Copy of my letter below (published in today's Bristol Evening Post), as sent recently, urging voters to reject tired old politics and vote Green. Its a very big day for the Green Party with voting taking place across the country tomorrow (see http://votegreenparty.org.uk/ and http://sianformayor.org.uk/). Greens are on the up - with over 700 candidates standing, a major national newspaper (The Observer) calling for voters to support Sian Berry for London Mayor, and high hopes for continued and even stronger performance in places like Stroud, London, Norwich and elsewhere - so watch this space later this week for comments on results.
It should be no surpise that food prices are rising, causing many problems here and around the globe, especially for those already extremely poor of course. The problem is that in practice countries have done nothing to create economies that can be sustainable, economically and environmentally. World population has more than doubled since 1950, stimulating demand.
Consumption in countries like the UK and USA is sky high, whilst consumption is very rapidly rising in places like China, India and elsewhere, resulting in fuel use which has more than quadrupled since 1950. More demand for fuel means higher prices.
We have speculation in the wheat market by 'investors' (gamblers). Growing world meat consumption and the use of land to grow plants for biofuels and bioplastics instead of food, in the deeply mistaken belief that it is a green action, has pushed food prices up by stimulating demand.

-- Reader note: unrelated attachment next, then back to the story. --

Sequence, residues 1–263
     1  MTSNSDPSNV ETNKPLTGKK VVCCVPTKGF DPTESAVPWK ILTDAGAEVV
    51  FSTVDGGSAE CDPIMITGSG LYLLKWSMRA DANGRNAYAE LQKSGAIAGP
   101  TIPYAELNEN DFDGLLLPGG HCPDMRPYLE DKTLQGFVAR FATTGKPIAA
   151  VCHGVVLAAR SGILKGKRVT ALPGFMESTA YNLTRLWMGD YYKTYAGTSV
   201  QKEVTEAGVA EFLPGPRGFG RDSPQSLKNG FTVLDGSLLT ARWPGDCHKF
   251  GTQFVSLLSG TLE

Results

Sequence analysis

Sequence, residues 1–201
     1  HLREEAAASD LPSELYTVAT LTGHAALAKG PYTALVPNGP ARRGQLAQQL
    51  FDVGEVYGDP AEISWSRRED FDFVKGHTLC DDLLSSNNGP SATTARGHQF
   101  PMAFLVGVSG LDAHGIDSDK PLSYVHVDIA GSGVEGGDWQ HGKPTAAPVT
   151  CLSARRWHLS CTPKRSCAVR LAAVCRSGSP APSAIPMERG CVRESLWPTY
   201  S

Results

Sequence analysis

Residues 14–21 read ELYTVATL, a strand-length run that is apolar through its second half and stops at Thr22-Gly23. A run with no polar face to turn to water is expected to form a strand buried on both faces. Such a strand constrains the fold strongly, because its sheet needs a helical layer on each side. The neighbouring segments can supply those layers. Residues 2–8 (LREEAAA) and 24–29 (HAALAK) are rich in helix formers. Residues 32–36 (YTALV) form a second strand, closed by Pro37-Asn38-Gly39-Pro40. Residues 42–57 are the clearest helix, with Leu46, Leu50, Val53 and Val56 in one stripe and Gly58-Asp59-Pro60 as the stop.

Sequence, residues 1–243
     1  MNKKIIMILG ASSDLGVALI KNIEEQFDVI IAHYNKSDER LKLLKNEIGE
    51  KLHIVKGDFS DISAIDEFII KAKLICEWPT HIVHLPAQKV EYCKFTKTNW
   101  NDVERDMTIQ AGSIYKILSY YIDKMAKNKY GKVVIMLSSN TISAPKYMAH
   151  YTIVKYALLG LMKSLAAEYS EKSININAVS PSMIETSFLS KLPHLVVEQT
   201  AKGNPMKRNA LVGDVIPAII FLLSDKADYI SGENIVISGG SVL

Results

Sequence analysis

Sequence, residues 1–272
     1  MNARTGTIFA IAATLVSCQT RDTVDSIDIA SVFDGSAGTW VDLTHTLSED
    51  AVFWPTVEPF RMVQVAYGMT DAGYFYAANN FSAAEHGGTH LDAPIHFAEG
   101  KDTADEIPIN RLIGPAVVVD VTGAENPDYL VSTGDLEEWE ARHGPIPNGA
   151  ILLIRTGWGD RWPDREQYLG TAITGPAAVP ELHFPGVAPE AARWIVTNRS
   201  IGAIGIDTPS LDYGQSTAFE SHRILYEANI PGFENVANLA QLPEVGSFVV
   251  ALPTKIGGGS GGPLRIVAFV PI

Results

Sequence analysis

More people, more fuel use, more resource consumption, more land taken for farming, emissions and efficiencies due to rising meat consumption and the rise in transport intensive lifestyles has resulted in climate change. In turn droughts and floods from climate change have lowered food supplies in key places, putting upward pressure on food prices.
Yet despite what seems to me to be a viscious circle the big political parties continue to promote the same old economic expansionism, high and growing consumption and increasing global trade. In contrast it is economic localisation that we need here and around the world. A stable, secure and affordable economy would result from this approach, creating a conserver society. Our health and general wellbeing and that of our environment would also be much better in such a society and it could be sustained on into the future and around the globe. Voters should thus reject the same old politics, advocating the same old economics from the same people and parties.
More on economic localisation here.